Mao-mei and Chin-tea who knew vaguely of the existence of this ` wall ' were prepared to attribute to it, as I learnt, the respectable antiquity of Chin times (n. n. 265-419).
Start As soon as we had passed into the desolate region of barren foot-hills our guide' managed to
towards lose the cart-track which was to lead us to Mou-wo and, once arrived on a wide gravel Sai beyond
the outermost chain of hills, completely lost his bearings. It was but the first display of his and his fellow's lamentably inadequate recollection of the ground before us. Repeated again and again in the course of the next marches it soon taught us to trust mainly to the guidance of the faint caravan tracks traceable and to such knowledge as our plane-table gave us of the approximate direction to be followed towards our previously determined goal. On that first march after a great detour duly represented in the map, we managed to regain the cart-track. By it we were guided to the well of Yeh-ma-ching, ` the well of the wild horse ', situated in a wide shallow valley ascending towards what evidently was a continuation of the hill range which we had sighted from Mao-mei trending away to the north-west. I am disposed to recognize in it a part of the southernmost main chain of the Pei-shan, corresponding to the last range which Professor Futterer coming from the north crossed on his way to the Su-lo-ho and which .his account describes as the fifth.' The geological specimens that I secured on our passage through it may help hereafter to check the morphological relation suggested by a comparison of our map and Professor Futterer's route sketch. Like the other specimens collected along our route across the crumbling desert ranges farther on towards the Karlik-tagh, they are still undergoing examination by Professor W. J. Sollas of Oxford.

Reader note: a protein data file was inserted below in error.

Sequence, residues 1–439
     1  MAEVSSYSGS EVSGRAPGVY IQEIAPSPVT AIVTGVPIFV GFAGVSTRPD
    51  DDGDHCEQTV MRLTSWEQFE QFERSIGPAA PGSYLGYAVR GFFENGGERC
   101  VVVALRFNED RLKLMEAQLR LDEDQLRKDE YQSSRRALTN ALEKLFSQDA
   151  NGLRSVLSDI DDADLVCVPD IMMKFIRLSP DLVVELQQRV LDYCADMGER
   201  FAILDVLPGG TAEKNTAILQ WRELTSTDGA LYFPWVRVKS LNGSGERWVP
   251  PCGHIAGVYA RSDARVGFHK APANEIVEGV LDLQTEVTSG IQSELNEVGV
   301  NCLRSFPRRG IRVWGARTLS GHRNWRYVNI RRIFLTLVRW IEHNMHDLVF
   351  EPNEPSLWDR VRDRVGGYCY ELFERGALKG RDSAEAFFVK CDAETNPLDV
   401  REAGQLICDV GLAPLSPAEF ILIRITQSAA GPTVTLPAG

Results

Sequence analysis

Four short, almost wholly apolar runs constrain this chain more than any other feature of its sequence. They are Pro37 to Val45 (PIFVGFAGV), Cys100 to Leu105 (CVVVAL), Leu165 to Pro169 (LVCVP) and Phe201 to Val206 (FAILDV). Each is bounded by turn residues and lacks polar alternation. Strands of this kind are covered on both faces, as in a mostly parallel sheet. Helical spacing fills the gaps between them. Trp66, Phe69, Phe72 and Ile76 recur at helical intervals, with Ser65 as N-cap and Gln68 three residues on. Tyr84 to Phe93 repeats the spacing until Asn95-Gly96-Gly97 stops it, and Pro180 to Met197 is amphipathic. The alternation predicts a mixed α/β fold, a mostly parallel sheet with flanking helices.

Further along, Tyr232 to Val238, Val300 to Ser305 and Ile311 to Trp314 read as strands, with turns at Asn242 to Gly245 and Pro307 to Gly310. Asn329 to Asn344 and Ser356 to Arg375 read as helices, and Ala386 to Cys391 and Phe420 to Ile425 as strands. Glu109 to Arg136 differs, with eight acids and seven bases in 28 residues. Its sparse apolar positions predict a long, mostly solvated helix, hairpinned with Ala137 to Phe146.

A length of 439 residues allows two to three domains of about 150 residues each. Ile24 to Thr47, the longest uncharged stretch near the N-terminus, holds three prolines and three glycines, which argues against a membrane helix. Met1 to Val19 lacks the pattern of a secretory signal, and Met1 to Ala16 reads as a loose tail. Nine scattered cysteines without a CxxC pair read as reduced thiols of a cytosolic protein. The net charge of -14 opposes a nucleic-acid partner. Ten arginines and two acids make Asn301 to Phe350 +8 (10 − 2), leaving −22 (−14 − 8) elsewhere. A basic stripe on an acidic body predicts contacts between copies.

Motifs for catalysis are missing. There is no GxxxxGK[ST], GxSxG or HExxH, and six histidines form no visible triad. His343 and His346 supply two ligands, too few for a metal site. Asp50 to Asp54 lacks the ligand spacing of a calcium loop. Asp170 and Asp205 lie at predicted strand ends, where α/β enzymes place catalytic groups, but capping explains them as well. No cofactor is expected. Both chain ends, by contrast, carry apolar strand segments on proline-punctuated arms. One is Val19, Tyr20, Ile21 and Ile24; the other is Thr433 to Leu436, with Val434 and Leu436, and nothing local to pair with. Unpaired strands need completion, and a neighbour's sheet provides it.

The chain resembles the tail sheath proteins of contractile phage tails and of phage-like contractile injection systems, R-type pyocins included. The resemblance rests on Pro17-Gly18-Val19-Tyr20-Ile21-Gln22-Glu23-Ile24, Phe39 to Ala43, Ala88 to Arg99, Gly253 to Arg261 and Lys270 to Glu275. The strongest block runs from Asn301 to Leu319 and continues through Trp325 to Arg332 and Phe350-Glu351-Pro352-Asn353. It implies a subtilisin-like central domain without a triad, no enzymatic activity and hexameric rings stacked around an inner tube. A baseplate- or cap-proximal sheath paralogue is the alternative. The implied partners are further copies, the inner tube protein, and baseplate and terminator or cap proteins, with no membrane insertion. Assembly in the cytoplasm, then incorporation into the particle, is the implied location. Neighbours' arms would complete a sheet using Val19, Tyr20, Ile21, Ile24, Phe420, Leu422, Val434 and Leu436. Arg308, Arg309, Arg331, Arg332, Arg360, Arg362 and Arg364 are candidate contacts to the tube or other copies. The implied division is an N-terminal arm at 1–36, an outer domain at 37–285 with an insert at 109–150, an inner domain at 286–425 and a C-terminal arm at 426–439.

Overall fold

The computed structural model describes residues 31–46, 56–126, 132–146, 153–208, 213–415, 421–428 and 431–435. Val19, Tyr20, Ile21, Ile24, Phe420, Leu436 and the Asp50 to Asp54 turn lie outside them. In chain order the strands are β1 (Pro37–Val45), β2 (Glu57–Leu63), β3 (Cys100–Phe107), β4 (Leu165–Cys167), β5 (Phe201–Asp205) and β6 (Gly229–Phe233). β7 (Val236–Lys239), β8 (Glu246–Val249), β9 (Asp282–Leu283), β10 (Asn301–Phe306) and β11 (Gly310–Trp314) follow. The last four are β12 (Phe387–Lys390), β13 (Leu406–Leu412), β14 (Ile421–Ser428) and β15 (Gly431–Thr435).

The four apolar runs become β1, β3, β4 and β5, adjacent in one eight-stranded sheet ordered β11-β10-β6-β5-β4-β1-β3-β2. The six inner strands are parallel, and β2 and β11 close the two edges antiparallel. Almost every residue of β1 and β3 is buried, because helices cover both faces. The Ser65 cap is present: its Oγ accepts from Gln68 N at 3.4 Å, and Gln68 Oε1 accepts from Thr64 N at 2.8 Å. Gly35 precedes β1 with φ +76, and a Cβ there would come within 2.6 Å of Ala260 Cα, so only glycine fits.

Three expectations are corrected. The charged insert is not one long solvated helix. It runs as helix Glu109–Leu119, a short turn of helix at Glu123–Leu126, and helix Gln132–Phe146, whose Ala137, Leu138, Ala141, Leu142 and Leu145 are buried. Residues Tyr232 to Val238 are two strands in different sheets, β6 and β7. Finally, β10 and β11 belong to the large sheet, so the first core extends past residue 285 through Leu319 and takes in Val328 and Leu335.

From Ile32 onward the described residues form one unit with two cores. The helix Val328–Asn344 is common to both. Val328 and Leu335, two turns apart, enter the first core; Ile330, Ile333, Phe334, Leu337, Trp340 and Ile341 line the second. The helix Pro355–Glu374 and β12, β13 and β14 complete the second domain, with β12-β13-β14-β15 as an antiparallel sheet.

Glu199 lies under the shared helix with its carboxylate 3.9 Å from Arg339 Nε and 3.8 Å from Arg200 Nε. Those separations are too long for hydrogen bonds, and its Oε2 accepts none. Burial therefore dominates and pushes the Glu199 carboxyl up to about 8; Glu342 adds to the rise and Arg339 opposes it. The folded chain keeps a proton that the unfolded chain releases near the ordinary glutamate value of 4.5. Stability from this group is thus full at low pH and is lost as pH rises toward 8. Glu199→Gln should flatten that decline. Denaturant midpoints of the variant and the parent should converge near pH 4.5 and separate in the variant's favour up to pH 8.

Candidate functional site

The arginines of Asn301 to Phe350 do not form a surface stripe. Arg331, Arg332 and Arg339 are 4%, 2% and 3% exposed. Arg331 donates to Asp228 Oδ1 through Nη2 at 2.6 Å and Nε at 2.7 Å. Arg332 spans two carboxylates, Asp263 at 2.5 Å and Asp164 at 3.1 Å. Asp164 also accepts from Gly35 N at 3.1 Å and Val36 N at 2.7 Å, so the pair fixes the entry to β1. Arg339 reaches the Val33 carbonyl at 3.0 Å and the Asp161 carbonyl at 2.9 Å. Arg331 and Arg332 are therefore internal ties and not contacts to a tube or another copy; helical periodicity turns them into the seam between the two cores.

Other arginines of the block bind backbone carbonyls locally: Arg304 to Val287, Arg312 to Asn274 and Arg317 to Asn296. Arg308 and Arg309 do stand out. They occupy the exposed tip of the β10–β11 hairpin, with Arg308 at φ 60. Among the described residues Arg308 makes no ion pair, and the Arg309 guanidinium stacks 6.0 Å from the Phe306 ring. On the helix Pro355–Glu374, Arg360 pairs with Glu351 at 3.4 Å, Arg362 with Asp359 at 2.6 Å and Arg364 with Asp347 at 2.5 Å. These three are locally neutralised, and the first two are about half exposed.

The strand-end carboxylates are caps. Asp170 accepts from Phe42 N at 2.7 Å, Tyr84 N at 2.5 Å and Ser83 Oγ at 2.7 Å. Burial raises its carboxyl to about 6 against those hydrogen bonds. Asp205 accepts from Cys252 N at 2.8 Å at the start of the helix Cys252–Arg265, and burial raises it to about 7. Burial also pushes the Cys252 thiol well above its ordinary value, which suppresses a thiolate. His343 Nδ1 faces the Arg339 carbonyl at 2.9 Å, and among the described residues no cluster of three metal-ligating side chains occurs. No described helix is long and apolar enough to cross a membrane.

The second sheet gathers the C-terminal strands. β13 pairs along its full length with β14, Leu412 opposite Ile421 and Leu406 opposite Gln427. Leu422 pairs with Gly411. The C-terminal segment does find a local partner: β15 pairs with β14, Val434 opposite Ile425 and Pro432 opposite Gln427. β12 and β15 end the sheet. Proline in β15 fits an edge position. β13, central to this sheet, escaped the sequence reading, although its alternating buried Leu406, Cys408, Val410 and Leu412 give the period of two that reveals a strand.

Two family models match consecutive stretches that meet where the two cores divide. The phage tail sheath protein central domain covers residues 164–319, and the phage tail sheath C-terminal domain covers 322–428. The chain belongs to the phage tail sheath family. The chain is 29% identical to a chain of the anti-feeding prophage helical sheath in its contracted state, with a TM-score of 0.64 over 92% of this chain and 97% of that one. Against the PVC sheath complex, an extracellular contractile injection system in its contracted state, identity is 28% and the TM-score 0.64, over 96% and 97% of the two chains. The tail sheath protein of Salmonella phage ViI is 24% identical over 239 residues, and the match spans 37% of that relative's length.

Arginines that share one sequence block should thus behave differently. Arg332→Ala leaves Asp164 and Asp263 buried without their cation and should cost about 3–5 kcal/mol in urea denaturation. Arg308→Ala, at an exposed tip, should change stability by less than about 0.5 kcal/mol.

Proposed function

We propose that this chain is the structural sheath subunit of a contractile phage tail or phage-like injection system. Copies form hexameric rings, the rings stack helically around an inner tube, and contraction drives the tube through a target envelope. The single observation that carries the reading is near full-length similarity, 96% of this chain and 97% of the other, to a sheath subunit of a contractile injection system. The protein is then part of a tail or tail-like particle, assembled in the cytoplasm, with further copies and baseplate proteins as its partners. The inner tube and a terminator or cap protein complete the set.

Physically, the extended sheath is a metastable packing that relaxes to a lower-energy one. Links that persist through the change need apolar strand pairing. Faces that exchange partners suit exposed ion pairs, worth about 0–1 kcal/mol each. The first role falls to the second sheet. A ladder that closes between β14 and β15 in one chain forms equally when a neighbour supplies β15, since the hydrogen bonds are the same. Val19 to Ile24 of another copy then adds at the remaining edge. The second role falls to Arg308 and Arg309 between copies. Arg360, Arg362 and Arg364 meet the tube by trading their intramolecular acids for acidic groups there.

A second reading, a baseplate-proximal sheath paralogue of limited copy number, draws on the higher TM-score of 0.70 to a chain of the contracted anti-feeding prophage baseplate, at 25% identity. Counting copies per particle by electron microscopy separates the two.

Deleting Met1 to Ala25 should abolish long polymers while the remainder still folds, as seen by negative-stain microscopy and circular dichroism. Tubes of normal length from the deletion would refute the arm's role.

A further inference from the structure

Crossing of On September 6th the track that we followed continued to ascend the valley to the north-west
southern- between rounded hills, all covered with dark detritus (Fig. 283). We passed two more wells, but
most hill ( g' 3)' P
range. on approaching what was manifestly the divide of the range, at an elevation of approximately
5,70o feet, we lost the track completely on ground that was much cut up by shallow drainage beds. Cairns visible on almost all the surrounding hillocks only helped to add to our ` guide's ' confusion. In a well-defined line of reddish hills, however, that could be seen to the north stretching from east to west, he recognized the range along which, as he believed, led the direct route from Mao-mei to Mou-wo. He called it Chin-k`ou-tzû and talked of gold-pits once worked in it. In the valley about two miles wide into which we descended north-westwards there was plentiful grazing for the camels. But the well at which we halted proved dry, and those we sunk in the bed near by also failed to strike water. The straying of our camels and ponies during the night added to the discomfort of a halt passed without water or food. But by daybreak the camel-men in search of the fugitives came upon the track of Làl Singh's party beyond the low hills to the north. The trace left by his cyclometer rendered it unmistakable. On descending to it we passed a well only five feet deep holding ample water. Then the old cart-track which Lai Singh had followed took us westwards along the foot of reddish hills across a low saddle to a valley draining westwards to the open basin of Mou-wo (Map No. 42. B. 3).
Coal-pits of There we found Lal Singh duly encamped by the side of one of the two wells dug in the dry
Mou-wo. bed passing below the coal-pits. Two or three houses half in ruins marked the quarters of the
people from Chin-tea and Mao-mei who until recent years used to come here for short periods in the winter to gather coal from the shallow diggings. Of this coal specimens were secured. A hillock overlooking the dreary plain is crowned with a little shrine. The pits extend irregularly for about a mile to the west of the stream-bed and seem to be worked to a depth of 15 to i7 feet from the surface, in narrow ditches. The information obtained from Lai Singh showed that the route over which he had reached Mao-mei led by a long march on the first day over waterless Sai to a rain-fed
1 See Futterer, Wüste Gobi, p. 22.